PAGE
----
Sunday, January 30, 2011

Chocolate Chip Cookies

I have always been fascinated by the desserts in my various crock pot cookbooks, especially ones that are cake-like.  For the last two years, however, I've taken the opportunity to try out some of these desserts for my department's Advent party.  (The problem with this is that, because I have to bring it to the party, some of the really awesome ones, which should really be served warm, won't work.)  Last year, I made the Chocolate Hazelnut Pudding Cake from the Crock-Pot Incredibly Easy Recipes cookbook, but this year I tried Chocolate Chip Cookies from The Gourmet Slow Cooker: Simple and Sophisticated Meals from Around the World.

The thing about this recipe is that you're really just making cookie dough and cooking it in the crock pot instead of the oven, so in that sense it's not something I would necessarily recommend if you want chocolate chip cookies.  It was fun for me because I wanted to try out another dessert from my crock pot and keep up the tradition of bringing a crock pot dessert to the Advent party, but were I to say, "Hey, I'd like to make some chocolate chip cookies from scratch!", this is not the way that I'd choose to make them.

You begin, however, by greasing the slow cooker.  Obviously, I don't have a picture of that.  The recipe calls for using butter or vegetable oil.  To make it easier, however, I just used a nonstick cooking spray (my roommate actually bought a nonstick cooking spray especially for baking, so I used that).  You also line the bottom of the crock pot with wax paper.  I should have taken a picture of that in retrospect because I had a fun time trying to get the wax paper cut to the right size to fit the bottom of the crock pot, but oh well.

Then you make the cookie dough, some of the steps of which you can see pictures of above.  You mix the wet ingredients together (butter, eggs, regular sugar, brown sugar, and vanilla extract) and the dry ingredients together, but separately from the wet ingredients (flour, baking soda, and salt -- in this case, I did add the salt).  After then mixing the wet and dry ingredients together, you add in semisweet chocolate chips (yum).  The recipe actually calls for chopped walnuts to be added as well, but I don't like nuts in my chocolate chip cookies, so I skipped this step.

Now, what I should have done in making this recipe was to use my roommate's KitchenAid mixer, but at the time I was trying to get the cookies made and get changed before the party so I wasn't really thinking about that.  It's okay, however, because I had a good time mixing in the chips by hand.  Also, I would guess that most graduate students, especially those who are newly out of undergrad, do not own a KitchenAid mixer, so what I did is actually more in line with the graduate student spirit, even though I wasn't really thinking of that at the time.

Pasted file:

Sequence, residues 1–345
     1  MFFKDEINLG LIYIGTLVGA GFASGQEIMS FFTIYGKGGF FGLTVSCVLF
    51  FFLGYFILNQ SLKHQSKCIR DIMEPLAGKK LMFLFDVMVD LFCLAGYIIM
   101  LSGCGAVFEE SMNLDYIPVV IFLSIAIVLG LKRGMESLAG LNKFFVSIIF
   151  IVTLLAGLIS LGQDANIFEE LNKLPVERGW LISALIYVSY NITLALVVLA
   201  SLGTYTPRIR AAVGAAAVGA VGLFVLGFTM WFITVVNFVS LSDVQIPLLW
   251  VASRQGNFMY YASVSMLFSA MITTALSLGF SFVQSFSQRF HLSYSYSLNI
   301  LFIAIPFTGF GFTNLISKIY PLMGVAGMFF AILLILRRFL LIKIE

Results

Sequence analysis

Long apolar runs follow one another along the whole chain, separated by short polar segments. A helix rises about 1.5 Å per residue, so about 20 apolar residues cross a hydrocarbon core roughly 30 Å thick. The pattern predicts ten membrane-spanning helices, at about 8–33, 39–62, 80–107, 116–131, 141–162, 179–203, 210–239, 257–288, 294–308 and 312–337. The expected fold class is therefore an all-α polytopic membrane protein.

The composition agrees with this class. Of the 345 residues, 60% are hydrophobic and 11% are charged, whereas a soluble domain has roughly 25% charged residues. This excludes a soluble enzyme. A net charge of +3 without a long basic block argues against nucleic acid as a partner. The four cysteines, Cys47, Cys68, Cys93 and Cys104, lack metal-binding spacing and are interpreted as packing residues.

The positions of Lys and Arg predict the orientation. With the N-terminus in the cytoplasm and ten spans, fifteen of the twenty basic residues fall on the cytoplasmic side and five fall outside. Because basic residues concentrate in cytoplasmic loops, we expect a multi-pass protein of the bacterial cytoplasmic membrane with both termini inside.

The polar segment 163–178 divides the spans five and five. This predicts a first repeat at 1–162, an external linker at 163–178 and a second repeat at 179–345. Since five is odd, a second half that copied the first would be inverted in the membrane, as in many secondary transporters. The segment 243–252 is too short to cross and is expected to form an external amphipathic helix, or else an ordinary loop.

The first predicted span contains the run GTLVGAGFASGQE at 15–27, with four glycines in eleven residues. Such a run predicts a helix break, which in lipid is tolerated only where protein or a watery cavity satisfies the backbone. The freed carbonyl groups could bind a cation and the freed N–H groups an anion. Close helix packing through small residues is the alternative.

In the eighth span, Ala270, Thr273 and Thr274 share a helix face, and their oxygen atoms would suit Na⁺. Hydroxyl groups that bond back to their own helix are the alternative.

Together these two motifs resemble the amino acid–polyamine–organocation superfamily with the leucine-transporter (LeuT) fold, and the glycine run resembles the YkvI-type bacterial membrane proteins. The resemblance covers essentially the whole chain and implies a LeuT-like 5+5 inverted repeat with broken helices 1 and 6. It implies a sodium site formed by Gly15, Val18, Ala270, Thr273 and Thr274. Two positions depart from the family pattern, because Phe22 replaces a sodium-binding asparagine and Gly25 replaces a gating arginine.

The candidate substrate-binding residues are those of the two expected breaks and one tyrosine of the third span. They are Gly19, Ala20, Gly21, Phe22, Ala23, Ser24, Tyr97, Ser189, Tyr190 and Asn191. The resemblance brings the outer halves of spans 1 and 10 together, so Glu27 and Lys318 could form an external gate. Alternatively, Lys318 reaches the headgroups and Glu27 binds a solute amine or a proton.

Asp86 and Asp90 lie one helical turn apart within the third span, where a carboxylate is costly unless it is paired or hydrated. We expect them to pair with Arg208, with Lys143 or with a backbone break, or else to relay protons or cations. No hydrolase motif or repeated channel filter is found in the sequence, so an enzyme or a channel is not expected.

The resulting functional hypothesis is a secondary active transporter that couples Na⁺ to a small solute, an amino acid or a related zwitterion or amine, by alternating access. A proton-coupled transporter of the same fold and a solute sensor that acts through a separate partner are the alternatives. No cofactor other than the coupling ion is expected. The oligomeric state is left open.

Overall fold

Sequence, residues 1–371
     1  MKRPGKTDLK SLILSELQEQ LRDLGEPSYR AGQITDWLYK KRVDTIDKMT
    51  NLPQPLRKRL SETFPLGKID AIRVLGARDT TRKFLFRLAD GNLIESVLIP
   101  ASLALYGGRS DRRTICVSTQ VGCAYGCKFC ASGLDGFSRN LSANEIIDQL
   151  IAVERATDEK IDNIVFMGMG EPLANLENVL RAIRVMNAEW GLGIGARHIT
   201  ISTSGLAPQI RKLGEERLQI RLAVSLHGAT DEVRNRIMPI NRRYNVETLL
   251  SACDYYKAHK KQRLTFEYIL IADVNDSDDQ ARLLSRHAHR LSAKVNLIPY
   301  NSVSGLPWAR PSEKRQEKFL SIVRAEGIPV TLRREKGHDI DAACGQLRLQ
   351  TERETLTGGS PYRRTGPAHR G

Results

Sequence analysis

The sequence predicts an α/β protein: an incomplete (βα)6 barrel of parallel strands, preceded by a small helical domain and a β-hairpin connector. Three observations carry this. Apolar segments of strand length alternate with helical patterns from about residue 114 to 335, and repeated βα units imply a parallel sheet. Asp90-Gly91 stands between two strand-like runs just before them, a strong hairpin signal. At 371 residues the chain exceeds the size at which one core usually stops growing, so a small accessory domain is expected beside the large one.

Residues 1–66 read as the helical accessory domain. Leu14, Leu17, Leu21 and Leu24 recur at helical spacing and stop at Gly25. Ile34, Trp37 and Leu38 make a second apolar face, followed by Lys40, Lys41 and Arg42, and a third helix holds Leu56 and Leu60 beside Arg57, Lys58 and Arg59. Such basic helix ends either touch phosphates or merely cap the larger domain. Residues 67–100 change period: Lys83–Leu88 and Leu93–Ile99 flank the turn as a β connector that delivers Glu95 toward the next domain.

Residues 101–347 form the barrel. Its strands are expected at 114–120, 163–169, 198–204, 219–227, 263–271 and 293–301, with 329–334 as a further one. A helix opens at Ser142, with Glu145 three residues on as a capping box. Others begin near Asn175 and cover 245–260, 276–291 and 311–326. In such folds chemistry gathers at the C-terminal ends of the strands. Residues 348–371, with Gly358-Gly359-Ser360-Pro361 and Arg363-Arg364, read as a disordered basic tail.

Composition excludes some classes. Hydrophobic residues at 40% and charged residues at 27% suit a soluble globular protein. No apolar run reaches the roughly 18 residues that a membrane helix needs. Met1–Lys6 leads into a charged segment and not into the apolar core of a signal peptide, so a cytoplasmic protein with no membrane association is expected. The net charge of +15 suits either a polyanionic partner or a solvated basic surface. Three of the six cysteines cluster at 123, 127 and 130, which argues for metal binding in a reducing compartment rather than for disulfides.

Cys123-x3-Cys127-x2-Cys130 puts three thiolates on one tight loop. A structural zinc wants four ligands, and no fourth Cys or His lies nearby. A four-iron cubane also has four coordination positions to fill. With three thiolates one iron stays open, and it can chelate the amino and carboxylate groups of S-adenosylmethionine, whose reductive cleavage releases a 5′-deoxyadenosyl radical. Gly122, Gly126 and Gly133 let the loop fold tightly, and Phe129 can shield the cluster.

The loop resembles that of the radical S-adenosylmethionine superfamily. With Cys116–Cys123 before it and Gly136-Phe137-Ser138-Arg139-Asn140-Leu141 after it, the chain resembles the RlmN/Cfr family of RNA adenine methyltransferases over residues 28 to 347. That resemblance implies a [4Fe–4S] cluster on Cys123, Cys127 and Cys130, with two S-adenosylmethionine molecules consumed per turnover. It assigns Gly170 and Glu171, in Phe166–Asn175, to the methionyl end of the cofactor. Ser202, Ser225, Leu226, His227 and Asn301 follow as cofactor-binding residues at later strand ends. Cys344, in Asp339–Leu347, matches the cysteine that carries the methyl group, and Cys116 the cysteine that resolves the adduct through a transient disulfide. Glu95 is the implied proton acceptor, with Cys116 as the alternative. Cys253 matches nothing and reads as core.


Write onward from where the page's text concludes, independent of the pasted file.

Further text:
Finally, you smooth the dough into the bottom of the slow cooker, cover it, and then let it cook for three hours on low.  The cookbook says that you should cook it "on low for about 3 hours, until a toothpick inserted into the center comes out clean," and that you should "set the lid slightly ajar for the last 30 minutes."  I followed these directions, but then ran into the same problem I had when I made the cake in the crock pot the year before: I got paranoid because it looked like the cookies weren't done.  My paranoia is compounded by the fact that we never have toothpicks, so I have to use a knife to test done-ness when baking, something that doesn't have quite the same desired effect as a toothpick.

So this is what the dish looked like at the end of three hours.

And this is what it looked like after I let my paranoia get the better of me and kept it cooking for another hour.

What I did in the end is just to resist my paranoia and take it out even though I wasn't sure that it was done.  To take the cookies out of the crock pot, you remove the insert and let them cool for about 30 minutes before turning it over to dump the cookies out.

So the image to the right is what the cookies looked like when I had cut them for the Advent party.  The recipe says that it serves six to eight and obviously I got more slices out of that, but I think that the recipe expects you to cut bigger slices than I did.  Now, obviously, these don't really look like "cookies," per se, and it's actually really telling that the end of the recipe in the cookbook asks you to "cut the cake" (emphasis is my own).  Regardless, it wasn't that bad and I think it all got eaten at the Advent party (or at least a lot of it did).  It might have come out a bit dry because of my paranoid over-cooking, but it wasn't really too bad there either.  Were I to make this again, I'd take it out after three hours as recommended.

Now, as my readers know, normally and analyze the recipes I review in terms of cost and calories per serving.  I'm not going to do that for this one, however.  I had all of the ingredients already except for vanilla extract and chocolate chips, so the amount I spent doesn't really reflect the cost per serving.  In terms of calories... well, they're chocolate chip cookies... they're not healthy.  I'll just leave it at that.

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